Archive for the ‘HEALTH CARE COSTS’ Tag




I think you may be right, Mr. Simpson, as you so often are, being the country’s most astute political commentator after the late Jim Travers.

But the Liberals’ great strategic blunder, pre-dating this insipid election effort, was appointing Ignatieff as their leader.

The insiders responsible for this did our country a grave disservice, as will become painfully evident if Harper gets even the slimmest of majorities.

Ignatieff has almost no political skill and appears to be a poor strategic thinker.

More than that, I think it remarkable that a man with the reputation of “intellectual” shows almost no original or innovative thought. I have heard nothing from him that makes me say to myself, well, that’s right.

And, for a guy who supposedly was such a human-rights figure, his voice is never heard on the great human-rights issues of our day, but then I knew his genuine record – not the puff – before he opportunistically made his return to Canada.

Now while there are virtually no good qualities in Harper – poor ethics, poor democratic values, pandering to groups, a poor record of appointments, and a shabby record of dismissing those he doesn’t want to hear from – you must grant him a great strategic grasp of our electoral process. He is a one-man show of extraordinary dark political skills.

A political anti-Christ, I think it fair to say. Not a leader, not an idea man, not a man of principle, but a calculating machine to achieve dominance – a very dangerous man indeed.

Some choice we are given.

No wonder people in Quebec are turning to Layton, who like Elizabeth May, actually stands for some principles, whether they are ones you agree with or not.

But that too is go-nowhere development.

Layton’s replacing some of Duceppe ‘s seats does not really change the dangerous political calculus that may see Canada damaged seriously over the next five years.

What a great irony that Ignatieff, the very man who literally sneered at Dion’s coalition, should be attacked by Harper for intending “to steal the election” with a coalition.

What a great disappointment that so many Canadians are revealed to be so poorly educated that they believe Harper’s school-yard name-calling.

So long as we have the situation we have in Quebec – where Conservatives and Liberals are not contenders – the only way to stop a minority tyrant-bully like Harper is through a coalition.

And coalition is both legal and entirely proper in a parliamentary democracy.

Dion understood that. The pathetic Ignatieff has not.

“Promising to TAX more? Mr Simpson, I’m pretty sure that even Mr. Ignatieff isn’t that silly.”

Here again is the kind of stuff which painfully reveals lack of education in a good deal of our voting populace, and ignorant democracy is dangerous.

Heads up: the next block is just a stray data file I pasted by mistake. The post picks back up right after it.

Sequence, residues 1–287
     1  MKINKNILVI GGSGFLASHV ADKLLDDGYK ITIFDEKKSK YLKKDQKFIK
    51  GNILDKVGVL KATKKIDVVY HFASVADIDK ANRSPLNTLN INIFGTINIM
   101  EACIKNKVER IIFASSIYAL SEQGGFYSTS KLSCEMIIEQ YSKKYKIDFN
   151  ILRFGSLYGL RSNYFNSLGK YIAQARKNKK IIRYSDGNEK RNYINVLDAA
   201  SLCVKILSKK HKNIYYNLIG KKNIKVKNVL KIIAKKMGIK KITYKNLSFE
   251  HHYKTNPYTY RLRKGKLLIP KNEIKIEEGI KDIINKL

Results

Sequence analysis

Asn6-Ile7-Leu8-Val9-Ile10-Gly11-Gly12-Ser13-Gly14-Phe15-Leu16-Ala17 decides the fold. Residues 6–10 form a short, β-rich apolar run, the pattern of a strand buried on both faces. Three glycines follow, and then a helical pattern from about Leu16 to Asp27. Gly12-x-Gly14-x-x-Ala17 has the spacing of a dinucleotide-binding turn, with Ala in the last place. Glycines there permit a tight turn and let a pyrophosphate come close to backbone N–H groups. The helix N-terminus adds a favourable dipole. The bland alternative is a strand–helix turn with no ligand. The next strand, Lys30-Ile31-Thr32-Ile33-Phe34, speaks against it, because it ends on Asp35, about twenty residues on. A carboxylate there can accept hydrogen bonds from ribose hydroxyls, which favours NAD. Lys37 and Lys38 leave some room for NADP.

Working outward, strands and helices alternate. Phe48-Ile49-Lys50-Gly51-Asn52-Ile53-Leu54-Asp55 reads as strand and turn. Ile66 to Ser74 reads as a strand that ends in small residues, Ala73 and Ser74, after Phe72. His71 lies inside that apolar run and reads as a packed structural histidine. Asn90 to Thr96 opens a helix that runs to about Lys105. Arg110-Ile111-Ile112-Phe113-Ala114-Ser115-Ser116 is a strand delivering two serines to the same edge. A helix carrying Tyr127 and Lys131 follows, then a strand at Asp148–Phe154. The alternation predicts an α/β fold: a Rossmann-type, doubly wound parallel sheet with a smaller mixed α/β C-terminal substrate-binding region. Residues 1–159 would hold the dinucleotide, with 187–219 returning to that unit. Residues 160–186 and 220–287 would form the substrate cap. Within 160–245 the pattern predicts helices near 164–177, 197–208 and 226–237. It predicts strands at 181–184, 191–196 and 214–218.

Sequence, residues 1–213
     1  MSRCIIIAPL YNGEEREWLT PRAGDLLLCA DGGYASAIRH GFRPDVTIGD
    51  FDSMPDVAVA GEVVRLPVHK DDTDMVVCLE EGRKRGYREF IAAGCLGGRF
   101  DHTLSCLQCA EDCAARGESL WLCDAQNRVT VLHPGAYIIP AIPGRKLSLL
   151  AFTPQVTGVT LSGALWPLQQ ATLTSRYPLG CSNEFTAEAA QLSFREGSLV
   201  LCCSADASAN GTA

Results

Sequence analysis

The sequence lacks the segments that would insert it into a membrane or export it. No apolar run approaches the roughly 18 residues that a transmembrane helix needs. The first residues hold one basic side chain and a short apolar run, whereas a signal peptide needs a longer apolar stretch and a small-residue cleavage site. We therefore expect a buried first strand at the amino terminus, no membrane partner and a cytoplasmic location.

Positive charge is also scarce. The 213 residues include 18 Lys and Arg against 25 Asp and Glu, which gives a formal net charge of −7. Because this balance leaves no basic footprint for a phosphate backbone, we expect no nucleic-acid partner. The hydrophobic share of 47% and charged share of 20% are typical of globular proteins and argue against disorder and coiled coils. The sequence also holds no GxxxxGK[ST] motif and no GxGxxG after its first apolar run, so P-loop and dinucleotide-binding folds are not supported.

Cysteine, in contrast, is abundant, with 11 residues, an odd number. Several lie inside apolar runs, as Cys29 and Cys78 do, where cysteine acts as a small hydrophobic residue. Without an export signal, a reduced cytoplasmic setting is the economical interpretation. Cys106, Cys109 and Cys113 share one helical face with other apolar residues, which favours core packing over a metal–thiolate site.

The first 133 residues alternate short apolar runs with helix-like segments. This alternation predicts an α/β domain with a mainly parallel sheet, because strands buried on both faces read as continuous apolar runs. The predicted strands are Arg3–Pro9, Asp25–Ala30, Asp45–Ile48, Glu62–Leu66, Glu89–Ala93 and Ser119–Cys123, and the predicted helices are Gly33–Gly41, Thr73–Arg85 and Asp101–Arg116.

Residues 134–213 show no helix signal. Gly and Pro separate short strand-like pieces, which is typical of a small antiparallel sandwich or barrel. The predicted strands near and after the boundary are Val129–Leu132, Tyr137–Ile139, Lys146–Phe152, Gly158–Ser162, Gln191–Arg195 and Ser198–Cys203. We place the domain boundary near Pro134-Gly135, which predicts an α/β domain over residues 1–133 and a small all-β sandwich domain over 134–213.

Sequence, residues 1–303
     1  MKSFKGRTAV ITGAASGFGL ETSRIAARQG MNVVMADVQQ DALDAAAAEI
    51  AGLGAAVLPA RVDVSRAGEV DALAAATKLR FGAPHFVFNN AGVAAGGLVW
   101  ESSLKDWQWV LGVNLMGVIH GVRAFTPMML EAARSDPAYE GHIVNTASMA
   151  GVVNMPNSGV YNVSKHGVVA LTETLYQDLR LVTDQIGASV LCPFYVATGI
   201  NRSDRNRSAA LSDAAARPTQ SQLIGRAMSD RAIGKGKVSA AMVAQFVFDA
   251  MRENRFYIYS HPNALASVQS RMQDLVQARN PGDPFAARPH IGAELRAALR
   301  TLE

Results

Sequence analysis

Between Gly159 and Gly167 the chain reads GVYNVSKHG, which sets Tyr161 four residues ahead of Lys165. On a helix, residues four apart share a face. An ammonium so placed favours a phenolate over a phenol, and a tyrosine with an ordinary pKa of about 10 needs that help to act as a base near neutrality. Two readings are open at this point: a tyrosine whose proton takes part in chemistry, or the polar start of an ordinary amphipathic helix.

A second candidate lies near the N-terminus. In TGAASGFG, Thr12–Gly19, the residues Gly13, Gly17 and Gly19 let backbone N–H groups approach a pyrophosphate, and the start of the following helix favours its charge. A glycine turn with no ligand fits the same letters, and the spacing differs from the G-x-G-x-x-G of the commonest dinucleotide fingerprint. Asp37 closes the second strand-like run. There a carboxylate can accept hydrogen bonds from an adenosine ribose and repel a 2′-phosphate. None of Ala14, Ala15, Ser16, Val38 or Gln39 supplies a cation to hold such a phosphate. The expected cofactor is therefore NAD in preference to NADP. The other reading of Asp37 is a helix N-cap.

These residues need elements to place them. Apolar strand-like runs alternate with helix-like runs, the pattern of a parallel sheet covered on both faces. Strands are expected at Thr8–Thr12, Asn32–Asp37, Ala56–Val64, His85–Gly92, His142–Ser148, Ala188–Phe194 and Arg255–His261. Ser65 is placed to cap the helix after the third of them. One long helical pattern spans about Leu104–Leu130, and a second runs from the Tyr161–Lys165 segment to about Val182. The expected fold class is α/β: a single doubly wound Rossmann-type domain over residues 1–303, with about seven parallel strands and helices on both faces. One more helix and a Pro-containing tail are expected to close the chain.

How does anyone like that think Harper will make his vast deficits disappear?

And, at the same time, pay for gigantic and unnecessary commitments like buying that costly clunker of a fighter plane and building a new gulag of prisons?

Of course, the simplistic answer is cuts, and I, as a retired professional economist, am not against judicious cuts.

But you cannot spend the way Harper spends and have a deficit like those Harper has created, and cut your way to a balanced budget.

People like the commenter do not understand that some of our program spending is actually a competitive advantage for Canada, health care being a chief one.

We spend about 2/3 per capita to what Americans spend on health care, and – the statistics speak loudly – we get better overall outcomes by measures such as population longevity and infant mortality.

It is largely because of our health care that traditionally American corporations such as the big auto companies have viewed Canada as an efficient place in which to invest.

Not because our workers work harder, not because they are better educated, but because they start on the job by the companies not having to buy the horribly costly and inefficient private health insurance they must buy in America.

And just so for other of our national programs.

The single greatest cause of personal bankruptcy in the United States is, and has long been, heath-care costs.

It is nothing to envy.

Anyway, readers, I think it quite possible that all the political sound and fury will be for nothing.

Despite Harper and his flaks’ constant blubbering about his economic management, when the other shoe falls in the United States, all bets are off.

People are still walking away from their mortgages there in huge numbers, and the country is spending money it does not have with wars on multiple fronts. It is also running unbelievable deficits in every account you care to mention, from the national budget to current accounts and to personal debt.

A gigantic economic tsunami is approaching the United States, and despite Harper’s childish bragging, it will not spare Canada.